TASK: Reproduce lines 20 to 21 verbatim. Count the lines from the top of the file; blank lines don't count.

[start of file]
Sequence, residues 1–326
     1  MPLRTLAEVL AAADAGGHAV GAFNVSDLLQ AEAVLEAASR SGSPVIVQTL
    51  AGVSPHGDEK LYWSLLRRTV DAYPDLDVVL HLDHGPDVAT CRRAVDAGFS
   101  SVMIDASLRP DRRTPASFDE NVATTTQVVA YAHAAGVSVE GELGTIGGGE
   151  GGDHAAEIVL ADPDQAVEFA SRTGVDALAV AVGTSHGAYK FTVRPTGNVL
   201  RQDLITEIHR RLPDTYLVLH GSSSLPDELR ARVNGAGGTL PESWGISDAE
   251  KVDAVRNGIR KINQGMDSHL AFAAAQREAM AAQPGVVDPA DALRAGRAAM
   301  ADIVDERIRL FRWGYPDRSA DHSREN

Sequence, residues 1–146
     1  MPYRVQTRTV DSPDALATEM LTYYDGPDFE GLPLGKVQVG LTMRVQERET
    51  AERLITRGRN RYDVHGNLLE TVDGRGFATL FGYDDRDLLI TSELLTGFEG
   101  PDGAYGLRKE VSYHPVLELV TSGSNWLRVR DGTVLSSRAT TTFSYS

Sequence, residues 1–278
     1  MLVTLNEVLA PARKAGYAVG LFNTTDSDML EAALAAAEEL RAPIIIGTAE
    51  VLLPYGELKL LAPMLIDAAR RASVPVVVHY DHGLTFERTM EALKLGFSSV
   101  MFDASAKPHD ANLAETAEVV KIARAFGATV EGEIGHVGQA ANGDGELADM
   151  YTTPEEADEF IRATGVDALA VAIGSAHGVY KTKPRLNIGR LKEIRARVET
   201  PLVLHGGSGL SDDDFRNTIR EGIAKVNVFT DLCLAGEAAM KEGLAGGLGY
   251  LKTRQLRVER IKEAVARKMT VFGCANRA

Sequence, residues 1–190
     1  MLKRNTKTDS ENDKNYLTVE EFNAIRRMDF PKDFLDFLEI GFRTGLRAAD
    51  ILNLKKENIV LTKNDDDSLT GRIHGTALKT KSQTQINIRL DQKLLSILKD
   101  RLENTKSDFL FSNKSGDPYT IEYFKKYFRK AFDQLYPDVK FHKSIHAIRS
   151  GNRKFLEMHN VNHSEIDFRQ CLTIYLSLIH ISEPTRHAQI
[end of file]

Sequence, residues 1–190
     1  MLKRNTKTDS ENDKNYLTVE EFNAIRRMDF PKDFLDFLEI GFRTGLRAAD